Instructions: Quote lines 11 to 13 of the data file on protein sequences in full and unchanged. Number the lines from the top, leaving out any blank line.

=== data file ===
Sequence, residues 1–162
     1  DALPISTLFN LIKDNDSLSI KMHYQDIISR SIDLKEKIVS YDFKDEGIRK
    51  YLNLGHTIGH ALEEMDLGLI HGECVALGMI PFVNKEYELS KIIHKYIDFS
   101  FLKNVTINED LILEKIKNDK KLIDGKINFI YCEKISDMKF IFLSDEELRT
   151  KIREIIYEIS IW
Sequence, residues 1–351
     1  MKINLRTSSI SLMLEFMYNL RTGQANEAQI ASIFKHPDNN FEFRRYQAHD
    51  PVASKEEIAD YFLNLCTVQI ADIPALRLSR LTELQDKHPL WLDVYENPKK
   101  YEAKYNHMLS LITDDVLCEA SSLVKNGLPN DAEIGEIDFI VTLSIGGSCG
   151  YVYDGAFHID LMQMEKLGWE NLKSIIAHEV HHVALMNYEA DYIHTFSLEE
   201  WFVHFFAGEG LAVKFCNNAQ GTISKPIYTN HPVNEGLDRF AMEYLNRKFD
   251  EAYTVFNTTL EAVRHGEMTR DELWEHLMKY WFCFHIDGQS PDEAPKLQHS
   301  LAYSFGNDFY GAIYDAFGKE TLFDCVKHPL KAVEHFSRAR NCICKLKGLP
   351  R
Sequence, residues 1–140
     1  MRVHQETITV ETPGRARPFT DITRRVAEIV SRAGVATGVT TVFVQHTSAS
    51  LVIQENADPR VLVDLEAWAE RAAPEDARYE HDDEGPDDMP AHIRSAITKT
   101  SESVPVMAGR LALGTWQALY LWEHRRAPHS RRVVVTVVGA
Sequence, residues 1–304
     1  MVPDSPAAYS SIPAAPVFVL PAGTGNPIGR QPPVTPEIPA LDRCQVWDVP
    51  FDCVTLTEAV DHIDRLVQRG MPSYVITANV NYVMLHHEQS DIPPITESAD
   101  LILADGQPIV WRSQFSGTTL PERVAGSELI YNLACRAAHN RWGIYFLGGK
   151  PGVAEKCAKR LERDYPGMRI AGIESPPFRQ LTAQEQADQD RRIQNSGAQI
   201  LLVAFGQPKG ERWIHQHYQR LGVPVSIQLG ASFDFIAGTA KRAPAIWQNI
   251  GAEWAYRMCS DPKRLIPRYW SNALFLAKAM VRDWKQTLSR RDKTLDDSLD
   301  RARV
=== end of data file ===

   201  WFVHFFAGEG LAVKFCNNAQ GTISKPIYTN HPVNEGLDRF AMEYLNRKFD
   251  EAYTVFNTTL EAVRHGEMTR DELWEHLMKY WFCFHIDGQS PDEAPKLQHS
   301  LAYSFGNDFY GAIYDAFGKE TLFDCVKHPL KAVEHFSRAR NCICKLKGLP